Today we celebrate probably the biggest milestone of Rebekah's life... her FIRST birthday!! Praise the Lord!
I tried to submit a birthday announcement to our local newspaper a few weeks ago, but they no longer do birthday ads. So I submitted a birthday celebration announcement to their online website as a community event. I was called a few days later by a reporter that wanted to do a special interest story on Rebekah! That story will, I believe, run in todays The Greenville News paper! I have no idea what the final story will say/include...but hopefully it will be a story of inspiration, God's grace, faith and miracles!
So, on Saturday, 4/17, we celebrated with over 200 people and with 3 other trisomy 18 friends!! What an incredible day! And Michael, during his speech, reminded everyone of several important things that have happened along the way. When Rebekah's condition at 19 weeks gestational age was confirmed with trisomy 18 through amniocentesis, the first thing we did was pray and give the situation over to God, come what may. On the day of Rebekah's birth, when she had to be bagged several times for failure to breathe and we were being gently pushed to make decisions, our 'decision' on 4/21/09 was that we would keep her alive through the night so that her brothers could meet her in the morning.
But God had a different plan for Rebekah, and instead of carrying out completed funeral plans, Rebekah stabilized and fought for life! She went home from the hospital after one week, and she was really only there for the whole week to establish her feeding (by mouth!) and to get her over some jaundice. We went home and, although she had many episodes of apnea, she continued to eat well and grow.
When she was one month old though, her apnea episodes were getting so frequent, that she had hundreds of 'episodes' in one 24 hour period and maxed out her apnea monitor memory at the same time! (By this time, she had also earned the nickname 'Blue Belle' because she was constantly turning blue during these events when she would stop breathing.) We made the decision to check her into the hospital and run whatever tests needed to be run so that we could definitively know the reason for her life-threatening apnea. This began a month-long process of tests, juggling our schedules and four boys at home, and relying on friends for childcare, meals, help, and praying earnestly that her life would serve a greater purpose.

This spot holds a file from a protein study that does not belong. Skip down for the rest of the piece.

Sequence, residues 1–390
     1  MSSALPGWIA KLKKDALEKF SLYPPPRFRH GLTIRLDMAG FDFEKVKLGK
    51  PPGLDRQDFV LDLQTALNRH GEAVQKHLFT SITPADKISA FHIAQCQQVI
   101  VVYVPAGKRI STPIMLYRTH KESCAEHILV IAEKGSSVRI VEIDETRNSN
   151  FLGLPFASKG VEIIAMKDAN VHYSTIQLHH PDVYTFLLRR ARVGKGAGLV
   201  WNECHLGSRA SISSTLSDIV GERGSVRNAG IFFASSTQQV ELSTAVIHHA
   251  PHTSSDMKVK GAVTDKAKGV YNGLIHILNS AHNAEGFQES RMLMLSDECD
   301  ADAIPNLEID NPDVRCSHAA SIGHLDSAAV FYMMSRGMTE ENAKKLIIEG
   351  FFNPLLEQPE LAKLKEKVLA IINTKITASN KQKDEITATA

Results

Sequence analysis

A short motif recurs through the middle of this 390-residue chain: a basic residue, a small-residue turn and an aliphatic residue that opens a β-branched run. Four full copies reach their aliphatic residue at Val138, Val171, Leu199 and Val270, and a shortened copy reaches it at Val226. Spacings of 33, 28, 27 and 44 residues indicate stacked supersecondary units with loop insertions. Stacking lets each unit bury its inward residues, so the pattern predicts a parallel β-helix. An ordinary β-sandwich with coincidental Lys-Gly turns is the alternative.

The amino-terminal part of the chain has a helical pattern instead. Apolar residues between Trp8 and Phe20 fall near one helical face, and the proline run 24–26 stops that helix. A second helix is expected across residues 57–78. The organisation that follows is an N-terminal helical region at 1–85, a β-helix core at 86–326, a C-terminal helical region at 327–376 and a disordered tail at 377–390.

Before the tests even began, we were lectured to by doctors... "You need to sit down and discuss this situation together and come to an agreement on what you are going to do. Your child is going to need to be trached and on a ventilator. Many parents have been down the path you are going down and, knowing now what they didn't know then, would have made different choices..." The gist of the conversations? Your daughter is incompatible with life. Don't make her suffer by putting her through all kinds of tests and procedures, only to put her on a ventilator for the remainder of her short life.
But after one important test, her sleep apnea test, attitudes changed. Her major issue was obstructive apnea, most likely caused by micrognathia (small lower jaw) but a normal size tongue - something that could be addressed with a tracheostomy until her jaw caught up to her body in growth. And because the problem seemed to be all upper-airway related, ventilation should not be needed. And it wasn't! And while it took a good three months for her body to completely adjust to the tracheostomy, we have never filled-up her apnea monitor memory again!